Male Circumcision

A model for the roll-out of comprehensive adult male circumcision services in African low-income settings of high HIV incidence: the ANRS 12126 Bophelo Pele Project.

Lissouba P, Taljaard D, Rech D, Doyle S, Shabangu D, Nhlapo C, Otchere-Darko J, Mashigo T, Matson C, Lewis D, Billy S, Auvert B. PLoS Med. 2010;7(7):e1000309.

The World Health Organization (WHO)/Joint United Nations Programme on AIDS (UNAIDS) has recommended adult male circumcision for the prevention of heterosexually acquired HIV infection in men from communities where HIV is hyperendemic and adult male circumcision prevalence is low. The objective of this study was to investigate the feasibility of the roll-out of medicalized adult male circumcision according to UNAIDS/WHO operational guidelines in a targeted African setting. The ANRS 12126 "Bophelo Pele" project was implemented in 2008 in the township of Orange Farm (South Africa). It became functional in 5 months, once local and ethical authorizations were obtained. Project activities involved community mobilization and outreach, as well as communication approaches aimed at both men and women incorporating broader HIV prevention strategies and promoting sexual health. Free medicalized adult male circumcision was offered to male residents aged 15 years and over at the project's main centre, which had been designed for low-income settings. Through the establishment of an innovative surgical organization, up to 150 adult male circumcisions under local anaesthesia, with sterilized circumcision disposable kits and electrocautery, could be performed per day by three task-sharing teams of one medical circumciser and five nurses. Community support for the project was high. As of November 2009, 14,011 men had been circumcised, averaging 740 per month in the past 12 months, and 27.5% of project participants agreed to be tested for HIV. The rate of adverse events, none of which resulted in permanent damage or death, was 1.8%. Most of the men surveyed (92%) rated the services provided positively. An estimated 39.1% of adult uncircumcised male residents have undergone surgery and uptake is steadily increasing. This study demonstrates that a quality adult male circumcision roll-out adapted to African low-income settings is feasible and can be implemented quickly and safely according to international guidelines. The project can be a model for the scale-up of comprehensive adult male circumcision services, which could be tailored for other rural and urban communities of high HIV prevalence and low adult male circumcision rates in Eastern and Southern Africa.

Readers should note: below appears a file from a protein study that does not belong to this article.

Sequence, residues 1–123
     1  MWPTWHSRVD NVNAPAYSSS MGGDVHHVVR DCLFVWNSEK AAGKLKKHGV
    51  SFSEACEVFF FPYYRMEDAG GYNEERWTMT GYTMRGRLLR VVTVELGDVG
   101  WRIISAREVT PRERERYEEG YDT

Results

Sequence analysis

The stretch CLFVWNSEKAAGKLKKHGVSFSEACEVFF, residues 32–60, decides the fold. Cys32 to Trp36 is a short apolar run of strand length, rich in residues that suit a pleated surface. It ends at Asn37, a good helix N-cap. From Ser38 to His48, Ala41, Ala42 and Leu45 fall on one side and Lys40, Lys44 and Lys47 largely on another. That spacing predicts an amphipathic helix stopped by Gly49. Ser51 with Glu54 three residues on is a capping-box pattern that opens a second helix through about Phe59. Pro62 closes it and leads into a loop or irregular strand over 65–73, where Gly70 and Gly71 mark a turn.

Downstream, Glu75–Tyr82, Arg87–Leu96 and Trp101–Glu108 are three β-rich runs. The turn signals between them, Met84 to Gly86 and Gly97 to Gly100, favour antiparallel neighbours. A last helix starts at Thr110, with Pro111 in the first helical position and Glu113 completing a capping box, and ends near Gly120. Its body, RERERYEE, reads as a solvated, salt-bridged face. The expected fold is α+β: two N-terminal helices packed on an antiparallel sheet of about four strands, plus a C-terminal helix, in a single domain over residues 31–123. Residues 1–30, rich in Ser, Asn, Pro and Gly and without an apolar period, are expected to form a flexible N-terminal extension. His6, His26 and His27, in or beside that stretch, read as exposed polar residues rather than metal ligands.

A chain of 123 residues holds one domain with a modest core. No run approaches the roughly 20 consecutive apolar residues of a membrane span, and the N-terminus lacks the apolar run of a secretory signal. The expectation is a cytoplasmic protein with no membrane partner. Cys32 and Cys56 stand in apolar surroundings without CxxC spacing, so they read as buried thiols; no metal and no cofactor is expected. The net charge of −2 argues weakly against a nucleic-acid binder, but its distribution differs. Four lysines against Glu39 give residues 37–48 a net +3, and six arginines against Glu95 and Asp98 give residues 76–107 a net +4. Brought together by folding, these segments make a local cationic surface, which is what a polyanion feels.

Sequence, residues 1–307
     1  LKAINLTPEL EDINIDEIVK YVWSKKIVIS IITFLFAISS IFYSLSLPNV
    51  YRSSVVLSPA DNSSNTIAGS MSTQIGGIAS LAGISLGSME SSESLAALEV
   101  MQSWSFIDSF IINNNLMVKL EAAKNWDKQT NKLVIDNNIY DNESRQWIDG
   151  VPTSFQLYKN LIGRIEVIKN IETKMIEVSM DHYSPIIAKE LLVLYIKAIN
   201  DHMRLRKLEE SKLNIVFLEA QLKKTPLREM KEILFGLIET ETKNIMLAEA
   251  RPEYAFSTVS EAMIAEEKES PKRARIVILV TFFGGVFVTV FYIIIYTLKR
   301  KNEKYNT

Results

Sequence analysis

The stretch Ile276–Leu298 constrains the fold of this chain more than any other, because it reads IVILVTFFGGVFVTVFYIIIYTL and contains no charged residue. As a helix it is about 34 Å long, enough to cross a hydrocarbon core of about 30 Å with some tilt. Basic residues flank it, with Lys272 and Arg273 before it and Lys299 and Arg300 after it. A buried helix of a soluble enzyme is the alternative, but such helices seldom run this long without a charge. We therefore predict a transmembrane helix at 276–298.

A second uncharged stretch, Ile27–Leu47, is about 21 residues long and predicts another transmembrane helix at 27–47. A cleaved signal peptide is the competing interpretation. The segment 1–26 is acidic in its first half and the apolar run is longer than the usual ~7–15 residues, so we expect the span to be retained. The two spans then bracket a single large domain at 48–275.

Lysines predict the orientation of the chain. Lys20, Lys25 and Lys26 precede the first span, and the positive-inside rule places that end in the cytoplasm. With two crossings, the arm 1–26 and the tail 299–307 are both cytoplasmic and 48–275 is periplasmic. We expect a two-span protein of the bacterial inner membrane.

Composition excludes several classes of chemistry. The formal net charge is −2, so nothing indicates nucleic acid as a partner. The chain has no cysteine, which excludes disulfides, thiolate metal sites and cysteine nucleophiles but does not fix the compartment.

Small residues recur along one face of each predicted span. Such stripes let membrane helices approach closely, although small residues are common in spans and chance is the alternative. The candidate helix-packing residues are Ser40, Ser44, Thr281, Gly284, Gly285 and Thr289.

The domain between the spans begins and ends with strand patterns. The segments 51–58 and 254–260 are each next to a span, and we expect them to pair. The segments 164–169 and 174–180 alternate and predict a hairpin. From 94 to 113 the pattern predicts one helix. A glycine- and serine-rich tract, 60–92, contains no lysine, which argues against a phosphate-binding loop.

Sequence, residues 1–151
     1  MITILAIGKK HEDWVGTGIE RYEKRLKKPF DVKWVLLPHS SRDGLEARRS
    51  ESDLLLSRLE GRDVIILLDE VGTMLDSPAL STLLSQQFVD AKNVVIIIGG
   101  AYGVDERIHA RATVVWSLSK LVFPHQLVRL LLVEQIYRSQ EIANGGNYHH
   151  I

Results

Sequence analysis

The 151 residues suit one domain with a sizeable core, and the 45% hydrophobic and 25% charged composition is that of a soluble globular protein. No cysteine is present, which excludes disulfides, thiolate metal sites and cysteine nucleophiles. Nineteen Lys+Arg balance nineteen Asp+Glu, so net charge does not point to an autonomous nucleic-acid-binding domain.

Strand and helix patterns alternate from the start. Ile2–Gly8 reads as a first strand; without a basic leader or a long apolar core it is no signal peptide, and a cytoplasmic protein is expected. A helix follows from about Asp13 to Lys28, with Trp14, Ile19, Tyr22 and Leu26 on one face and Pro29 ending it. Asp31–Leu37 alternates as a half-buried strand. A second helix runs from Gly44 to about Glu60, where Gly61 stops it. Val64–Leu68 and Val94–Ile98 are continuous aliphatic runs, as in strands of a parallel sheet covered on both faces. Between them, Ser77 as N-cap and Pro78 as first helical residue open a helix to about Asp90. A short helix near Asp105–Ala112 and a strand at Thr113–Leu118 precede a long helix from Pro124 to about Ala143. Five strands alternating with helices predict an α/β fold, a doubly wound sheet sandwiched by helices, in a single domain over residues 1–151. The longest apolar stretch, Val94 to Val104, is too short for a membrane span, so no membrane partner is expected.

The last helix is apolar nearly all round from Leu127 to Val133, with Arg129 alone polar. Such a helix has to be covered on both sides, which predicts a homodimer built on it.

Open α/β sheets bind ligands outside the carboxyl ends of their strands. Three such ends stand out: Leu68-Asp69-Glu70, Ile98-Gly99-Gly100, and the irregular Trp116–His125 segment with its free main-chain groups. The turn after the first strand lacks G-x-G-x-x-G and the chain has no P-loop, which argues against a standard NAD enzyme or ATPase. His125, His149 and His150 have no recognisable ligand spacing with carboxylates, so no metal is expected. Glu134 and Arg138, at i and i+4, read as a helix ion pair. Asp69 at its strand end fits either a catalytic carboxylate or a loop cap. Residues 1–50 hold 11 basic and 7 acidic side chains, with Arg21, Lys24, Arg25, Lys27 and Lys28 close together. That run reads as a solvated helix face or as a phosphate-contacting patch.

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Editors’ note: The Orange farm community, about 45 km outside Johannesburg, is home to Sothos, Zulus, Tswana, and Xhosa ethnic groups. The overall pre-project self-reported male circumcision level was 22-30%. The Bophelo Pele (Health First) project, the first adult male circumcision community project to be initiated following the WHO/UNAIDS 2007 recommendations for scale-up, is designed as a catch-up programme. A saturation level will be reached when all willing, eligible men have been circumcised, after which an age-related strategy (e.g. newborns and/ or 15 year olds) will sustain circumcision prevalence. The strengths of Bophelo Pele are its successful community engagement, its outreach and communication strategies, and its innovative task shifting organisational model. The cost per male circumcision performed has fallen to 300 rand (about 40USD), adverse events are uncommon, and the project has already been successfully replicated at 3 sites in Botswana, Swaziland, and Zimbabwe. This is an excellent example of scientific knowledge translation from trial results to implementation.


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